100 Years Ago
Rolling out the welcome mat
In the Times social column:
"Mr. Henry J. Bender has returned to his home on Rolling Road after visiting friends in New York City. Mr. and Mrs. C. N. Davis have returned to their home on Rolling Road after spending several days with friends in Baltimore."
Mr. Bender and the Davises lived on Rolling Road before its hills, vales and curves were straightened out. The road lived up to its name then and traveling it you could easily imagine those hogsheads of tobacco bumping and rolling down it toward the deep, wide, 18th-century Patapsco River where they were loaded onto ships. This was especially true with my dad at the wheel. Who needed rides at the amusement park when Dad was driving and Rolling Road 10 minutes away!"
75 Years Ago
Heart and San Francisco
From the Times national news section:
"San Francisco Bay Bridge - Opened, this longest vehicle bridge in the world has been under construction since 1933 at a cost of $77,000,000."
The bridge, one President Hoover lobbied for, opened only a few months before the Golden Gate Bridge. While cars traversed its upper deck, trains ran along the bridge's lower deck until the 1960s, when both decks were used for motor vehicles exclusively.
Building a span over eight miles of bay was quite an undertaking. The bridge was designed by the famous bridge builder, Ralph Modjeski. Interestingly this Polish-born American, attended school in Poland with another who would also become famous, Paderewski.
In 1936, while Modjeski's bridge in San Francisco was opening, Ignacy Paderewski was playing himself in the movie "Moonlight Sonata." By then the world-famous pianist, composer, philanthropist and one time Prime Minister of Poland was almost 80 years old.
Paderewski had visited America for diplomatic meetings and for concert tours and in 1913 he bought land in California. But Poland was never far from his mind. Throughout his life he worked for various relief organizations and at the age of 83, he headed the Polish National Council.
Upon his death in 1940, he was buried in Arlington National Cemetery. Although foreign nationals aren't usually buried at Arlington, President Franklin D. Roosevelt authorized his remains to be buried there temporarily, "until such time as Poland is again free." But that took longer than anyone could have imaged. Though the Germans were defeated in World War II after six years, what followed was 70 years of Soviet rule. It wasn't until 1990 that Paderewski's remains were returned to a free Poland.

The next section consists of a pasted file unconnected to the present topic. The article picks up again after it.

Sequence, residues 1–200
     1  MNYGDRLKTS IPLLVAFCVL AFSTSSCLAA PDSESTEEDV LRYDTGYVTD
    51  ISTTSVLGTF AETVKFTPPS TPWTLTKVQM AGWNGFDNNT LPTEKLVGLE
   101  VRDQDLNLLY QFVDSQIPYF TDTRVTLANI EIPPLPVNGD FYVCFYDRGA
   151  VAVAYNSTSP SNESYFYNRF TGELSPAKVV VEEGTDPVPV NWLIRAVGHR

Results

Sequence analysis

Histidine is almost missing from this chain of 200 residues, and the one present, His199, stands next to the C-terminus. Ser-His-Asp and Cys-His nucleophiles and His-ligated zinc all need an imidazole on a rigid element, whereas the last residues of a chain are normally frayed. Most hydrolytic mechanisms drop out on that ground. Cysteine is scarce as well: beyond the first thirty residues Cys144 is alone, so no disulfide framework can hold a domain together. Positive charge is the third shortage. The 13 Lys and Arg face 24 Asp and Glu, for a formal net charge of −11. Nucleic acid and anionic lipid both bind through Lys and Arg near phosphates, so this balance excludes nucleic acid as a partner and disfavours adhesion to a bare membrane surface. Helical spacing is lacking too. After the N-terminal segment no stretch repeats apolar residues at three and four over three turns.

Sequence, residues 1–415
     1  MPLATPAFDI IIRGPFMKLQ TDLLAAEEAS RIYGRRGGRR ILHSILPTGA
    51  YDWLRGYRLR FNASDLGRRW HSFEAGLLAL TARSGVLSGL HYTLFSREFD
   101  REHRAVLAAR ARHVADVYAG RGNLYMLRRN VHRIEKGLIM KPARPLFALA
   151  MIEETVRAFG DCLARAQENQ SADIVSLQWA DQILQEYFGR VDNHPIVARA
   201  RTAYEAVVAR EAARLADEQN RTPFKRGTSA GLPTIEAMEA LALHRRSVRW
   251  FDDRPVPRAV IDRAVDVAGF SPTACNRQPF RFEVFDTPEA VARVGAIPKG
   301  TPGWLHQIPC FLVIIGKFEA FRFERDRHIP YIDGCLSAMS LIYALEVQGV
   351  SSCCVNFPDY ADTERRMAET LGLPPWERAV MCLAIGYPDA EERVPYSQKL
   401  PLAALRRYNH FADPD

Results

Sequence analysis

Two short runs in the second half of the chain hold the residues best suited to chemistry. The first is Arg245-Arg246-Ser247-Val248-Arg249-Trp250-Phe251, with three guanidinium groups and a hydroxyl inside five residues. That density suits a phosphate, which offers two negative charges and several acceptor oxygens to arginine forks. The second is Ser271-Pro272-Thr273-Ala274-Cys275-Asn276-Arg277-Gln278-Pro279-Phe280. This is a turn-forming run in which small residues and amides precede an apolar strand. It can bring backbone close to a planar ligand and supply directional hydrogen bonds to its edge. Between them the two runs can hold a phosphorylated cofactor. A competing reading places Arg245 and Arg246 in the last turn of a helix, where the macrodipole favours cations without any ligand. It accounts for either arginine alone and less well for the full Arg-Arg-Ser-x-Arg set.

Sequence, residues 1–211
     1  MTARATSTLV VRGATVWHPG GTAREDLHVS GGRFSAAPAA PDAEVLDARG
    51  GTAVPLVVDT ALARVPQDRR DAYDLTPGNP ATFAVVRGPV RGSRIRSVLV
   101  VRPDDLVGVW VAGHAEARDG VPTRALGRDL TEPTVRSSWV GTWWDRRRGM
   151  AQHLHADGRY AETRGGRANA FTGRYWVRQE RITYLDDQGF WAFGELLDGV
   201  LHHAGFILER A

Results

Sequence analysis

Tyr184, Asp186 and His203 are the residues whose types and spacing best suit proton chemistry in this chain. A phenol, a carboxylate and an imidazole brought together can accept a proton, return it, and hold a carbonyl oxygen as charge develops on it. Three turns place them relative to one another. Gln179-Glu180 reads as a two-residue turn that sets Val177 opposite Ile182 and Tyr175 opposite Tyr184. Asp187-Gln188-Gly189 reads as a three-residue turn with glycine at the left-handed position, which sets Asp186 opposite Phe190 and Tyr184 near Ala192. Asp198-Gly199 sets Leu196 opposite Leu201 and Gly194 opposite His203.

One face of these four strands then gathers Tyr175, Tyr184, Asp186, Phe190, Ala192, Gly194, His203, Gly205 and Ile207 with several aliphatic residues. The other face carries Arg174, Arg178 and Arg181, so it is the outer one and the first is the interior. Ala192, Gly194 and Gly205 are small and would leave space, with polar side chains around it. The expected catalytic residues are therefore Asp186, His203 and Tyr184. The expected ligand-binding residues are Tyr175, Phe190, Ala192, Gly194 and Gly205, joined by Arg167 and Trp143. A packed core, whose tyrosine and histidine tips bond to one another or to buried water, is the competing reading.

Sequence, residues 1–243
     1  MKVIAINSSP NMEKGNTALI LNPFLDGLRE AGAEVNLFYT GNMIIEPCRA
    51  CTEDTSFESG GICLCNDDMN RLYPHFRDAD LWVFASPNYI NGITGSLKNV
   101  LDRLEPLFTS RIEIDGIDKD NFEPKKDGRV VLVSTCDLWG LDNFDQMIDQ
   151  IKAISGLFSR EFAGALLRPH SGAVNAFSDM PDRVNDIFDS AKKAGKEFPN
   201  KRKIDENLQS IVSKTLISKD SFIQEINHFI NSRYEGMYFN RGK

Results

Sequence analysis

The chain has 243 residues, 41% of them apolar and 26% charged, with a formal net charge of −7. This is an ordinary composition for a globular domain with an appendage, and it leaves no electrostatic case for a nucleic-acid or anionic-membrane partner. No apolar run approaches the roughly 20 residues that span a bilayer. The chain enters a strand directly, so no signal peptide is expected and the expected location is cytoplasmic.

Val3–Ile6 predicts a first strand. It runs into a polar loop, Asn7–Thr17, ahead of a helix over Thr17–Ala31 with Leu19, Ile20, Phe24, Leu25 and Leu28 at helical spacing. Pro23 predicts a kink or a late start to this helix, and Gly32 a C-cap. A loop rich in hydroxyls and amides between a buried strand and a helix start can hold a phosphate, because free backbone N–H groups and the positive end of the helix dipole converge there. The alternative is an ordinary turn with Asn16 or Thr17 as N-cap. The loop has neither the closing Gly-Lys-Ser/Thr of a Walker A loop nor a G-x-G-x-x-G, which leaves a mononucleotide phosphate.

However, his love wasn't exclusively for Poland. Paderewski asked that his heart be buried in America. It's in a crypt in Brooklyn, N.Y.
50 Years Ago
Drama in North Africa
In the Elkridge news section:
"Stationed in Africa: A/2C Richard W. Hatfield, son of Mrs. Marie Wicklein is stationed at an air force base in Fr. Morocco, Africa. He enlisted in the Air Force for 4 years and has to serve 2 more years."
The U.S. had had air bases near Morocco and Rabat, but by 1961 the Air Force presence was winding down. While Rabat is the capital of Morocco, Casablanca is its business center, and quite a bit more famous. Though Casablanca was visited by Franklin Roosevelt and Winston Churchill, its major claim to fame for many is via Rick's Cafe and the various folks that hung out there in the movie, "Casablanca."
Along with Bogart, Bergman, Sydney Greenstreet, and Paul Henreid, Conrad Veidt was a particularly interesting character, on and off the screen.
Veidt, a German actor, was anti-Nazi, which didn't go over well with them. In fact, in the late 1930s the Gestapo planned to have him assassinated. Veidt quickly got out of Dodge, emigrating from Germany and eventually becoming a British citizen.
In 1942, he played, ironically, that malevolent Maj. Heinrich Strasser, stationed in Casablanca, Morocco. He was the Nazi who made things difficult for Rick, Ilse and the gang. It was art imitating life; playing a character type he knew all too well.
Throughout his movie career, Veidt donated much of his earnings to British war relief.